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Posts Tagged ‘DeVos’

More Evidence of GOP and Trump Administration Hypocrisy… As If More Were Needed

February 18, 2018 Leave a comment

President Trump’s thoughts and prayers may well be with the grieving families in Florida, but his budget proposal speaks louder than his words. As reported in ThinkProgress, the Trump/DeVos budget proposal cuts school safety funding by 25% and completely eliminates a program that would have provided counseling support for the families and students at the Florida High School where 17 were killed on Valentines Day.

To compound matters, Mr. Trump joined Florida Governor Scott in criticizing the FBI for it’s mishandling of tips it got on the potential for the shooter to engage in the carnage at the high school. As he always does in these circumstances, Mr. Trump focused on the mental health issues… conveniently overlooking the fact that he signed a measure that made it possible for someone with mental health issues— like the shooter— to acquire a high powered gun. I am waiting for someone in the media to ask both Mr. Scott and Mr. Trump what they thought the FBI would have been able to do. Would they have been empowered to seize the shooter’s weapons? Would they have been empowered to place him in a mental health facility? Those who question the FBI’s failure to intervene should be prepared to explain exactly how the FBI might have done so.

As for those politicians who want to “address the mental health issue”, I await a substantive proposal on how this might be done without raising additional funding. If “throwing money at the problem” won’t help, I wonder what will… and building more prisons and encouraging schools to hire more guards or put in more surveillance cameras is “throwing money at the problem” as surely as hiring more counselors is.

And for those who claim “this is not the time to talk about this issue”, someone needs to ask them when the right time is to talk about it… and schedule a meeting on that day. We can’t keep on indefinitely postponing this uncomfortable conversation. The lives of innocent children depends on us resolving this issue.

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National Review Assessment of DC School District’s Flaws is On the Mark. It’s Solutions? Not so Much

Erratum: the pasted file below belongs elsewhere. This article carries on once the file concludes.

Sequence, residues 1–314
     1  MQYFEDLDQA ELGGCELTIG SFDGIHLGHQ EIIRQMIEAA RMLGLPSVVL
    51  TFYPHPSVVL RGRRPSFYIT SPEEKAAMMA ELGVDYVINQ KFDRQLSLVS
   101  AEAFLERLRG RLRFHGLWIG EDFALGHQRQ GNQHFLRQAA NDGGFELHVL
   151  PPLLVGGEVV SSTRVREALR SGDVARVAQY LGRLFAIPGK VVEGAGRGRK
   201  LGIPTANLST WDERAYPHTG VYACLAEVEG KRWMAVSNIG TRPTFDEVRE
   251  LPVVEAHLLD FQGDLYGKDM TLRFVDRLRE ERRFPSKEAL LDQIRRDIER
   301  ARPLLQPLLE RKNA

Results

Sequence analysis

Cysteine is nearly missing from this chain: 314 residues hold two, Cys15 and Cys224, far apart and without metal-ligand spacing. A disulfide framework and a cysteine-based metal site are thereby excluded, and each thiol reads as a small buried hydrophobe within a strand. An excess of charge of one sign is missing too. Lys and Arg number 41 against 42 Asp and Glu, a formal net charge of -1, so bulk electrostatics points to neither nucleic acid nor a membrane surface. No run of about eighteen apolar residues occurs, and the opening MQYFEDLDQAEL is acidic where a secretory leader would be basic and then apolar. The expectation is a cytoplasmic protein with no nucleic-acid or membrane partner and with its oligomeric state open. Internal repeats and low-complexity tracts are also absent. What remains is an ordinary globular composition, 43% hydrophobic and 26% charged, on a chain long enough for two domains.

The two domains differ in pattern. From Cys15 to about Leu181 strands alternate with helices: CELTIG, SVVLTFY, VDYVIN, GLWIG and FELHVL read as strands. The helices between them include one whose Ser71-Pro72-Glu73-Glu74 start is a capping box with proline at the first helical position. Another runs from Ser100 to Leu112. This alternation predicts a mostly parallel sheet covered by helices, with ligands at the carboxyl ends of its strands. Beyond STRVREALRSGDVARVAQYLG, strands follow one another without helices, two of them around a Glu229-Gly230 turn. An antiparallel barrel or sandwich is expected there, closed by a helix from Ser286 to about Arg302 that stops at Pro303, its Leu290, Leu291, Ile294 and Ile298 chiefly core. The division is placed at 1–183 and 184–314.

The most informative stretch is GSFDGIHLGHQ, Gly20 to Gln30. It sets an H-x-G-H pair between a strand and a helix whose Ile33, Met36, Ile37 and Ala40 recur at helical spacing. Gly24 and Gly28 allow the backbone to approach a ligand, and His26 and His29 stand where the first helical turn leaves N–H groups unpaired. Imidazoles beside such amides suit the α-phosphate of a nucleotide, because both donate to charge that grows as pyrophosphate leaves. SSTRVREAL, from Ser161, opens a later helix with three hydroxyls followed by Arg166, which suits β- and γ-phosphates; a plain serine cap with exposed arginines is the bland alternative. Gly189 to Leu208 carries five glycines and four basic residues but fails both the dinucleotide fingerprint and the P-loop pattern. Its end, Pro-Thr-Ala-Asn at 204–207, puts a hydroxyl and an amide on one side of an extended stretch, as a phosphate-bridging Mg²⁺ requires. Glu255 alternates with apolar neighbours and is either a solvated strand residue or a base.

February 12, 2018 Leave a comment

I keep going against hope that some day the conservative thinkers will come to the conclusion that public schools will only be successful when we stop pretending that their problems can be solved by “more accountability” and “more competition”. As I read the first 90% of the National Review’s op ed piece by Max Eden and Lindsey Burke, “Fraud and Failure in DC Public Schools“, I thought that was going to be their conclusion… but instead they parroted the canard that “parental choice” is the only way forward.

The opening paragraphs could have been written by Diane Ravitch or any one of the bloggers she quotes from. It describes how the use of metrics like graduation rates, test scores, and suspensions are manipulated by enterprising administrators in an effort to “prove” their schools are improving. And this paragraph captures the flaws of the current “accountability” systems that are based on easily manipulated metrics:

None of this should be surprising. DCPS’s “accountability” system essentially requires principals to post impossible statistical improvements. You can’t make student behavior better through a dictate banning traditional school discipline. You can’t change life trajectories by ordering teachers to graduate students who fail their classes. Do things the old fashioned way — by offering teachers support, encouraging students and giving them structure, and making incremental improvements to curriculum and instruction — and you likely won’t achieve the so-called “transformational” change you’d need to be deemed a successful principal.

Right on! Do things the “old school” way by “offering teachers support” and “giving students structure”! If this appeared in Diane Ravitch’s column it would inevitably conclude with a paragraph calling for more equitable allocation of resources and especially more support for the children raised in poverty. But this was the National Review and so instead of trusting the government to level the playing field and improve schools, we should “trust the parents” by giving them choice.

Yet to skeptics, school choice is problematic because there’s not enough “accountability.” If the “accountability” they seek is metric-chasing mandates, then its absence in school-choice programs is a virtue, not a fault. But to most parents, “accountability” means having a school that’s responsive to their child’s needs. The way to make that happen is to give parents choices, which will encourage schools to pursue safety and academic quality with integrity. True accountability won’t come from forcing school leaders to squeeze schools into producing statistical improvements. True accountability will come only when parents and the community, rather than clueless bureaucrats, are the ones putting pressure on schools.

My hunch is that the National Review writers never worked in or attended a school where parents and the community are not putting ANY pressure on the schools… except for them to keep taxes low and children off the streets. The communities and neighborhoods where this attitude is prevalent are the ones whose schools require some kind of pressure to improve… albeit a slow relentless pressure as opposed to the quick fixes beloved of “reformers”.

I am not naive enough think that the National Review will ever commit to “throwing more money at schools”… but I DO keep hoping they’ll at least see the commonsense value of providing more support to working parents— especially single parents— who are working as hard as they can to make ends meet. When the Betsy DeVos’ of this world talk about parents making an informed choice, they tend to base that recommendation on their experience as children and parents and they tend to believe that everyone else has the same wherewithal as they do when it comes to having enough time to make an informed choice. If that day ever comes, choice might make sense. But without the time and economic resources to make an informed choice, the whole pretext of “choice” is bogus.